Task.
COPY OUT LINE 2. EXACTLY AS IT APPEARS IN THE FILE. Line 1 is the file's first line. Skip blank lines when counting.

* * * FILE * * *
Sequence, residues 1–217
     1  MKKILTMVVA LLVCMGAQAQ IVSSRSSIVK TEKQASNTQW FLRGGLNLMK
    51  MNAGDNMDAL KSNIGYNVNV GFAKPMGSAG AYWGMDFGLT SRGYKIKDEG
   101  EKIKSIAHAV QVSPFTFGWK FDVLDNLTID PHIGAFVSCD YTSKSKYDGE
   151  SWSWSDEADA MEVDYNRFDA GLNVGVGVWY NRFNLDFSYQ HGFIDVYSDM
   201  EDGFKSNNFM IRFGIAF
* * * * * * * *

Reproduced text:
     1  MKKILTMVVA LLVCMGAQAQ IVSSRSSIVK TEKQASNTQW FLRGGLNLMK